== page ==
The Concepts of Logistic Design, Research Paper Example
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Supply chain management is the management and control of goods from the point of origin to the ultimate point of consumption. This also includes all aspects of leading, monitoring and controlling the logistics, schedule, and cost of moving the goods along the supply chain. The increased flexibility and logistical opportunities that come with globalization there is an increased focus on creating value, through supply chain management, while also eliminating wasteful operations within the processes. Implementation of the appropriate tools to provide customer satisfaction, decrease cost and increase capability in production and quality are essential in becoming a successful organization in the globally competitive market. Supply chain management is a key focal point for realizing potential opportunities in business management.
Supply Chain Risk Management
Lean management and Six Sigma are often used to better the organizational efforts to increase productions, capability, efficiencies or effectiveness. In this case, the focus is on Supply Chain Management (SCM). The customer satisfaction and overall experience is based on the organizations ability to provide a quality product on time based on the consumer’s needs and expectations. In order to do so, there is an inherent need to manage the supply chain to ensure quality, logistics and production of the goods fulfils the requirements of the company and the expectations of the consumer. The tools utilized to enable the management of quality and risks are based on principles of lean management and six sigma integration. Both are similar in that they are structured frameworks to help solve issues and improve the performance of their respective organization.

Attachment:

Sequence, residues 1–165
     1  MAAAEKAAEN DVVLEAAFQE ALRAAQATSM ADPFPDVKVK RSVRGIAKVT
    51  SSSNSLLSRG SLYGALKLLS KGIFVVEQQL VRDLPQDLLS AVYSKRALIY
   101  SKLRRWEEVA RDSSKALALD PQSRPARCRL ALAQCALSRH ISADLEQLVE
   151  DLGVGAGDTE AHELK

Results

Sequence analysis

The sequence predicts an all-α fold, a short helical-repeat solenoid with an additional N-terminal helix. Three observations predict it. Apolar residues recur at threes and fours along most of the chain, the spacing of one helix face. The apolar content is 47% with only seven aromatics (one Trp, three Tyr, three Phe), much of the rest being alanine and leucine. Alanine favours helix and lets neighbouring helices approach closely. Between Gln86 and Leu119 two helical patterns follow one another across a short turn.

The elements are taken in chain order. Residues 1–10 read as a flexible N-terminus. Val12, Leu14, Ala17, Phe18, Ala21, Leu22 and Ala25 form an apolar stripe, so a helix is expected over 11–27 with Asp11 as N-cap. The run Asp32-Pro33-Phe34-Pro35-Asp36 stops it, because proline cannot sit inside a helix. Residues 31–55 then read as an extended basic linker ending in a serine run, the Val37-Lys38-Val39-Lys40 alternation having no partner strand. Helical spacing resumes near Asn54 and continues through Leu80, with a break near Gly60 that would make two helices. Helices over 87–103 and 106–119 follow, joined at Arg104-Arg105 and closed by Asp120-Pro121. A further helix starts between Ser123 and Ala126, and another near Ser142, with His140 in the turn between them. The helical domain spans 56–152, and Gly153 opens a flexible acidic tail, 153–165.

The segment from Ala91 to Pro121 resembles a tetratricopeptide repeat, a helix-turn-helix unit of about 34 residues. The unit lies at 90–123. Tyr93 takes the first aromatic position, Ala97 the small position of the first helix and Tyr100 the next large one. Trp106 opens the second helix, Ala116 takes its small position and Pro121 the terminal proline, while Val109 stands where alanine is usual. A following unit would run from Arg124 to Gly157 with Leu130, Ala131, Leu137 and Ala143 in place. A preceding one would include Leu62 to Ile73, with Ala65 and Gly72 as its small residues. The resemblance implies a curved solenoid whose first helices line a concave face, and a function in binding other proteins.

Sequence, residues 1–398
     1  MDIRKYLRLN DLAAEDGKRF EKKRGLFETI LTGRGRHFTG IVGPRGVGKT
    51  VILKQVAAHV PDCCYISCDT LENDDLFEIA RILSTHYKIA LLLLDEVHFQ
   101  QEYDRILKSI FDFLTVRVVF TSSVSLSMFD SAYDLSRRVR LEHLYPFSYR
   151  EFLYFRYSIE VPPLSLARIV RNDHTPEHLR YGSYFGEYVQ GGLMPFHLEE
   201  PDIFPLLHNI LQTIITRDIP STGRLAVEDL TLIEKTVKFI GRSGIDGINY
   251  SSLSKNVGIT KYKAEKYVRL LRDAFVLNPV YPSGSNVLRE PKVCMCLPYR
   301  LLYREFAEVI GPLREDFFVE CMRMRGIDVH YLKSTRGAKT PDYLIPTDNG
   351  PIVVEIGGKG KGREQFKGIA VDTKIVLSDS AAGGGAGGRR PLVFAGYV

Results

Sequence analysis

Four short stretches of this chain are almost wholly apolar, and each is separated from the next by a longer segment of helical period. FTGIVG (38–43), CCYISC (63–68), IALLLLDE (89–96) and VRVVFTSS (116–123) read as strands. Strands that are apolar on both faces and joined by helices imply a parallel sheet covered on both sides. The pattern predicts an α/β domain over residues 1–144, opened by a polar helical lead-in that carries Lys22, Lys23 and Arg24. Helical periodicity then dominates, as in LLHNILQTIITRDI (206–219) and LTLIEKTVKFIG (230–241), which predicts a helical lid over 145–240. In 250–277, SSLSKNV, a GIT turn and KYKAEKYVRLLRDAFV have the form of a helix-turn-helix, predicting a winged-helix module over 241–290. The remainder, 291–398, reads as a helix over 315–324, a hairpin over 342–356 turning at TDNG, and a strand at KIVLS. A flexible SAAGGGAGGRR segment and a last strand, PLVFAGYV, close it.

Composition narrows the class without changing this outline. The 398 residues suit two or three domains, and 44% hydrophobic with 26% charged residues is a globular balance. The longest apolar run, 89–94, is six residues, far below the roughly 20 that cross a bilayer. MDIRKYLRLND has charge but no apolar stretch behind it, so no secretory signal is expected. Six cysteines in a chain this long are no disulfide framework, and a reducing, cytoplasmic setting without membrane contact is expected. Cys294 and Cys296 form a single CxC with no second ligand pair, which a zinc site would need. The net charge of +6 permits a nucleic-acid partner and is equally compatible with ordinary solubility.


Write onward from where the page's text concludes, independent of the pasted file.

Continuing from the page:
Lean management is used to reduce waste and improve efficiency of a process while Six Sigma is utilized for the reduction in variances and improved performance. For example with lean management the focus could be on processing times, improving safety, utilization of resources and process improvements. These increases in efficiencies will not help prevent products from failing quality checks or missing other specifications on the requirements. This is where Six Sigma would be used. In essence, Six Sigma methodologies push the organization to make the product exactly the same without defects every single time. It does not mean that the process is efficient but it does force defects from the operation. Both could and should be used in a synergistic approach. For example while working through the lean management tool set which uncovers inefficiencies, the root-cause could be caused by consistent rework or scrapping parts due to defects in which the Six Sigma methodology would come into play. Lean management is a great place to reduce the waste in the processes before implementing a Six Sigma approach.
The goal of implementing a lean management methodology is to help eliminate the processes, actions or lack of actions that are causing waste throughout the process. Lean management is a set of tools designed to help eliminate the multiple areas of waste and ultimately drive a manufacturing process that produces quality products to the consumer. In order to implement a lean manufacturing methodology, it is imperative that the implementation team understands the process and purpose of what lean manufacturing entails. The basis for the entire lean methodology is to limit or eliminate any action or functions from the manufacturing process that does not create value to the end customer. Lean is a set of tools that can help provide the necessary means of reducing waste through the manufacturing process. This set of tools focus on eliminating the different kinds of waste which are transportation, inventory, motion, waiting, overproduction, over processing and defects. Of all of these wastes some are more apparent and receive more attention than others. Implementing the lean management methodology includes designing of the lean process, training, awareness, communication, lean leadership, tool box preparedness, continuous improvement, cultural awareness, philosophical buy-in and team management.